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I am currently thinking about how to a priori justify a power series ansatz to solve a nonlinear ODE of first order.

Let, for example, $y'(x)=y^2-x^2$ with $y(0)=1$. The right hand side of the ODE is smooth, thus any solution is smooth and, by Picard-Lindelöf's Theorem, locally unique. Yet it is not necessarily real analytic.

Suppose we do a power series ansatz, say $y(x)=\sum_{n=0}^{\infty} a_n x^n ~~ $ for $ x \in (-1,1)$. We calculate the Cauchy-Product to get $y^2$ and obtain a recursive formula to calculate the coefficients $a_n$ by 'coefficient comparison' (don't know if this is the english word).

The problem I have with that is, that we must assume $\sum_{n=0}^{\infty} a_n x^n$ to be absolutely convergent in $(-1,1)$ to merely write down the Cauchy-Product. Obviously the convergence of this series depends on it's coefficients; but we use the Cauchy-Product to calculate the coefficients...

Suppose we have calculated them and afterwards we prove that the series is absolutely convergent in $(-1,1)$. Also we prove that the series is a solution of our ODE. Now everything's fine...

But my question is: Is there a cleaner way to justify the power series ansatz? For example, can one show that solutions of ODE's of the above type are real analytic?

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I would guess that if an ODE involves only complex-analytic functions, then its solutions must be complex-analytic. I don't know if this is true or not. In any case for such an ODE we can talk about its formal solutions over a ring of formal power series, where one doesn't need any notion of convergence to talk about the Cauchy product; these solutions are a type of "weak solution" and one hopes to upgrade them to real solutions one way or another. –  Qiaochu Yuan May 11 '11 at 13:16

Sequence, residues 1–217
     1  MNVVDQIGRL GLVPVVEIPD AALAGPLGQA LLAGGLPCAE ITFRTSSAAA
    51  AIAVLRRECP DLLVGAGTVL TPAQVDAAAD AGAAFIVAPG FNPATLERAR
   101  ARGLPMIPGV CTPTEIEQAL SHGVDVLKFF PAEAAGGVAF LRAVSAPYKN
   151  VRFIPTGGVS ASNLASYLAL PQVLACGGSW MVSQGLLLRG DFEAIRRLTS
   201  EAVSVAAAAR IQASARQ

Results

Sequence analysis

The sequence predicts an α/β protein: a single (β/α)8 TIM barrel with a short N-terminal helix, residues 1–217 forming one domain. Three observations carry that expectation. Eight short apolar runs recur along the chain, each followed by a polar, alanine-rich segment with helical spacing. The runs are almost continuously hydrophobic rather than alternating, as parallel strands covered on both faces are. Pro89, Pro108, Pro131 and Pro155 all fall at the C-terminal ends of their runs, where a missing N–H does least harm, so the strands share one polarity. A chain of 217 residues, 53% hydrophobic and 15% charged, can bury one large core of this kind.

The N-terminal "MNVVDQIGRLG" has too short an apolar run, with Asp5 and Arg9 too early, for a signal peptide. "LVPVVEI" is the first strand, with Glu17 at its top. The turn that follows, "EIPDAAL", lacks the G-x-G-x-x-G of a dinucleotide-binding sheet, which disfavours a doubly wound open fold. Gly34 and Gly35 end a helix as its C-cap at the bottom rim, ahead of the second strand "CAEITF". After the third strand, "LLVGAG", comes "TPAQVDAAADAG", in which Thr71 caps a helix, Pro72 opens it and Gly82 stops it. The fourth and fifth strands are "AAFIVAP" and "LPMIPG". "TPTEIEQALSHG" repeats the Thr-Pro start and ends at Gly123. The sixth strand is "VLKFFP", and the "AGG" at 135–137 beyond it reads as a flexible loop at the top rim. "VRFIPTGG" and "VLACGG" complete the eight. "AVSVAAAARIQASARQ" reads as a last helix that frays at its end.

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if the RHS is analytic then the solutions are analytic, even for partial diff. eq. (for analytic initial condition) - see planetmath.org/encyclopedia/CauchyKovalevskayaTheorem.html Usually it is proved by estimating the power series (method of majorants). –  user8268 May 11 '11 at 13:25
    
Thanks to both of you. –  Henry Wegener May 11 '11 at 14:15
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Part of the point of an "ansatz" is that you justify it a posteriori, not a priori. You make a guess, solve, then afterward see that it worked. (Or see that it didn't work. These failures are mostly not included in your textbook, however.) –  GEdgar Jan 12 '13 at 12:59

1 Answer 1

Consider an initial value problem $$y'=f(x,y), \quad y(0)=y_0\ ,$$ where $f$ is analytic in a neighborhood of $(0,0)$. This means, e.g., that there is a $\rho>0$ such that $$f(x,y)=\sum_{j,k\geq0} c_{jk} x^j y^k\qquad \bigl(|x|^2+|y|^2<\rho^2\bigr)\ .$$ It is a basic fact of the theory of differential equations that this analytic initial value problem has a unique solution $$y(x)=\phi(x)\quad \bigl(|x|<\rho'\bigr)\ ,$$ valid in some neighborhood of $x=0$, and that this solution is itself analytic in a neighborhood of $x=0$: $$\phi(x)=\sum_{k\geq 0} a_k x^k\quad\bigl(|x|<\rho'\bigr)$$ (see, e.g., Coddington/Levinson, Theory of ordinary differential equations, Theorem 8.1.).

The only special thing about the "real case" is the fact that in this case all given data (the $c_{jk}$ and $y_0$) are real, and consequently the $a_k$ appearing in the solution $\phi$ are real as well.

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